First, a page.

Make sure the items on your landing page a user needs to click on are thumb-friendly. For most devices, this means the clickable area should be somewhere between 38X38 pixels to 44X44 pixels. Add padding to your links, make sure there’s some margin (negative space) between clickable links to avoid misclicks, and use plug-ins with touch swipe gestures (such as Flexslider or Photoswipe), where possible.

    6) Be Slim

    Present your content in a single column and, whenever possible, keep your call-to-action above the fold, which is within the top 100 pixels for smartphones. If your CTA doesn’t fit above the fold, include a prescriptive teaser, such as “Scroll Down for Special Offer.”

    7) Think Local

    Smartphones and other untethered devices may mean its user is on the move, but that doesn’t mean you don’t know where they are; in fact, quite the opposite. Even the broadest of geotracking systems locate users within 5 to 20 miles of where they are, so use the local nature of mobile to make your landing pages more relevant to consumers. Include a link to your nearest outlets, such as “Stores near Seattle,” customize headings with the city or area name, and prepopulate location fields -- or better yet, zip codes -- on web forms to make it easier for users to get to the “Buy Now” button.

    8) Use Simple Forms

    Keep your forms to the bare minimum needed to get the job done. The simpler the form, the fewer the fields, the better. Longer forms tend to lead to lower conversion rates in general, but it's even more true with mobile devices -- some estimates put the conversion rate as much as 50 percent lower. If you cannot fit everything you need on a single page, split the form into two pages to make it look less daunting.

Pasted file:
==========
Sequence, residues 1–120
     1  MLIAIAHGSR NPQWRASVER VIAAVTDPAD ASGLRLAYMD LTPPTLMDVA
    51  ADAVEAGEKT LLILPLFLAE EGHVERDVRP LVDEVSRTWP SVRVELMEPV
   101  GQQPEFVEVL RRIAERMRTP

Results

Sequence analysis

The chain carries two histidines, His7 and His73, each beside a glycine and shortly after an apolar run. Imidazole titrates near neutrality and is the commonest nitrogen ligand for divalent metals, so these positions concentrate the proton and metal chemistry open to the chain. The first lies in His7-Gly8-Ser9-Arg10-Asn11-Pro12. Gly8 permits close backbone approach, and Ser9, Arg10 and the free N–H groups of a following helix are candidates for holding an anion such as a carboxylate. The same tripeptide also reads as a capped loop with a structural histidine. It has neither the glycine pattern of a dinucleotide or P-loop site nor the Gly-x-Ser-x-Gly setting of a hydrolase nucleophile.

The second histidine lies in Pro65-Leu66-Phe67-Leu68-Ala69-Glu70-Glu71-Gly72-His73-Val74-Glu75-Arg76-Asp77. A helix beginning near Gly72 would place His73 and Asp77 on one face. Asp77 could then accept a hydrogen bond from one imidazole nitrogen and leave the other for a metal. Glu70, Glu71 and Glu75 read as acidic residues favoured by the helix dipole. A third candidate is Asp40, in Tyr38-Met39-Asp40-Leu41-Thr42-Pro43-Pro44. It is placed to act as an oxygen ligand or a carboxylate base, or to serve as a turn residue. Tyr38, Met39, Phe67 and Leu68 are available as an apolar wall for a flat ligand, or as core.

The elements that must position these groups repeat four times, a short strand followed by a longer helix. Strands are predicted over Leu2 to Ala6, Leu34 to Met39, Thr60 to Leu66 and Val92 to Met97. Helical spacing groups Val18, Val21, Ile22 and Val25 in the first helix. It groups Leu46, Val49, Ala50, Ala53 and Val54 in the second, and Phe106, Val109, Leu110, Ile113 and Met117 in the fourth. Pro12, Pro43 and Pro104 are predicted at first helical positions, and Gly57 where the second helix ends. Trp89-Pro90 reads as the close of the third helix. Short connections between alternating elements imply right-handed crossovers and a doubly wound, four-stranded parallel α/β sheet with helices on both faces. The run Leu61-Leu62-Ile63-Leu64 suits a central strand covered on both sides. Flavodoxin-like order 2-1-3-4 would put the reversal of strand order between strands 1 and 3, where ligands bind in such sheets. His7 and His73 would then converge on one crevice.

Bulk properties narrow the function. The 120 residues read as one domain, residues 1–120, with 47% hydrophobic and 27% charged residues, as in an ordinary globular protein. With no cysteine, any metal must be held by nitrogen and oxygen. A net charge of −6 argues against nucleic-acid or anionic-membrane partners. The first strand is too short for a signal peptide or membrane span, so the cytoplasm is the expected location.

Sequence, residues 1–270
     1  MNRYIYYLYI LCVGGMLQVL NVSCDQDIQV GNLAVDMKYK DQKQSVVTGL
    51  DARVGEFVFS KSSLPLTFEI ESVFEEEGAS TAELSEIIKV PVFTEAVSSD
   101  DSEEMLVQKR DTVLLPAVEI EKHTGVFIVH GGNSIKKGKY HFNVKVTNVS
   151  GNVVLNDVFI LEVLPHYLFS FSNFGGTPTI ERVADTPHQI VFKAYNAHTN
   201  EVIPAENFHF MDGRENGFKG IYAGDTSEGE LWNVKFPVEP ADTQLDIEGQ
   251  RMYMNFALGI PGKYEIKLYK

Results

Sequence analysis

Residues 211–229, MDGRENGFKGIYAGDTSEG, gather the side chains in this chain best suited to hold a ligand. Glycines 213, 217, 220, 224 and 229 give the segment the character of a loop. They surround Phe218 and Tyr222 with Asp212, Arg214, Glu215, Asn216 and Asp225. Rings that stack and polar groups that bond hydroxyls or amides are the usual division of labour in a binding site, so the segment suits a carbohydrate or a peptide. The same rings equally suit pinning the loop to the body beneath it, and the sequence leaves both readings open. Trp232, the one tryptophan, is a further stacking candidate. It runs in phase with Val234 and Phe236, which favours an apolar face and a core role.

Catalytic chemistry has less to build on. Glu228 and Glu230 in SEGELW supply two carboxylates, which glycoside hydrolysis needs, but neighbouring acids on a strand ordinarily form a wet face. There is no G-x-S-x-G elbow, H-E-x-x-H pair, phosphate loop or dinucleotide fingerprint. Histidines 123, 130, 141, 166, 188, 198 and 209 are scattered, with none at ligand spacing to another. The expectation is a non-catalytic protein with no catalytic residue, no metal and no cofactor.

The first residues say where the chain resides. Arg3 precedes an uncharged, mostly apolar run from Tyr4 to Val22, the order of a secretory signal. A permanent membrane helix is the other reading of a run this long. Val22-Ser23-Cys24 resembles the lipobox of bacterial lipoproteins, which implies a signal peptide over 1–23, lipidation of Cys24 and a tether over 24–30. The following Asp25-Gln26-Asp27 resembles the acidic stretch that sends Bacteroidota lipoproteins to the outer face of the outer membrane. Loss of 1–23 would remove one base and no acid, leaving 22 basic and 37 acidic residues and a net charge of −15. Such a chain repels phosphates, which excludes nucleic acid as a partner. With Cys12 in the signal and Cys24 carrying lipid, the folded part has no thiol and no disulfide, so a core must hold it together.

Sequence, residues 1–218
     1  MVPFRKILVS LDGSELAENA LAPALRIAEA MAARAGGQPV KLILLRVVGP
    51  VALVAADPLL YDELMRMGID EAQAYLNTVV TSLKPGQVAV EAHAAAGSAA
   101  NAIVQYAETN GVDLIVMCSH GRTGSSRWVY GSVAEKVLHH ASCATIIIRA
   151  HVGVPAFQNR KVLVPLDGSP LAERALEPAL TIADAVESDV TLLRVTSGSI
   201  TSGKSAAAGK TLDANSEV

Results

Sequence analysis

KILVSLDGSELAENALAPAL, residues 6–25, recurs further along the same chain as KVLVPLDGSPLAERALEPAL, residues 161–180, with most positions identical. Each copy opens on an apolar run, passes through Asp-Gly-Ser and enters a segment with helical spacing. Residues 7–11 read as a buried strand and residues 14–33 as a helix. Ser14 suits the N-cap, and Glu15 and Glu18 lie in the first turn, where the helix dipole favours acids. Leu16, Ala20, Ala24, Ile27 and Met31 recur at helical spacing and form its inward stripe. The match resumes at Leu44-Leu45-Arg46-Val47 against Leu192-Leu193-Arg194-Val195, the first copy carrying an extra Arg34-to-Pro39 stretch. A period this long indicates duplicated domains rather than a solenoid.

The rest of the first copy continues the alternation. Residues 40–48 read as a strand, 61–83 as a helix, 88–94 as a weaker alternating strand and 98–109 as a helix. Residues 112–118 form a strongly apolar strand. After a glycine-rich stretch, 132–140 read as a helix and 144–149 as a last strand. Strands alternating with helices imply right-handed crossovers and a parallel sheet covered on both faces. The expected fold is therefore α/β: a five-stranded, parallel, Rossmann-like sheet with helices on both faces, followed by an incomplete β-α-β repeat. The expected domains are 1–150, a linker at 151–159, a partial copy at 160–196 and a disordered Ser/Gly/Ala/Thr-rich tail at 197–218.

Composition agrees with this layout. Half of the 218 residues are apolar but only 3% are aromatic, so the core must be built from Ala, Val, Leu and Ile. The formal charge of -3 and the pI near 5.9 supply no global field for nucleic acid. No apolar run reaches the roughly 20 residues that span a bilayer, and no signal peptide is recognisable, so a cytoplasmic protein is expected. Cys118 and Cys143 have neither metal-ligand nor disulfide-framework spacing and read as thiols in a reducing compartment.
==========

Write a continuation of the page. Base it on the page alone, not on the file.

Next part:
9) Be Fast

    The data on your mobile pages should be lean, lightweight, and under 20 kilobytes so your pages load in 5 seconds or less.

    10) Get to the Point

    The fewer actions a user has to take to get to their reward, the better. If you can limit those actions to three or four at the most, you will no doubt improve your conversion rates. Each action a user takes should be not only easy to complete, but compelling and bring them one step closer to completion.

    11) Be Legible

    Don’t sacrifice size for content. Content that’s too small for users to read is essentially no content at all. Having to zoom in to read content is just one more needless thing for a user to have to do, and may prove to be one reason too many to continue on to conversion.

    12) Don’t Trust. Test.

    A/B test your mobile landing page. Don’t trust that what works for your desktop landing page will work for your mobile landing page. Mobile marketing is not desktop-lite marketing, it’s a whole different game with a different set of rules.

    The bottom line to making the most of your mobile landing pages is to keep your end goal in mind. What are you truly looking to get out of your mobile efforts? You won’t be able to include everything on mobile that you’re able to on desktop/laptop/tablets, so ask yourself (and your team) what the core focus is going to be around. In terms of the effectiveness of your mobile efforts, keep a keen eye on simplicity, usability, and performance. Keep your pages fast and your content clean and lean so people on the go can get what they want as quickly and easily as possible.

    What else helps landing pages convert better for a mobile audience?

    Image credit: JD Hancock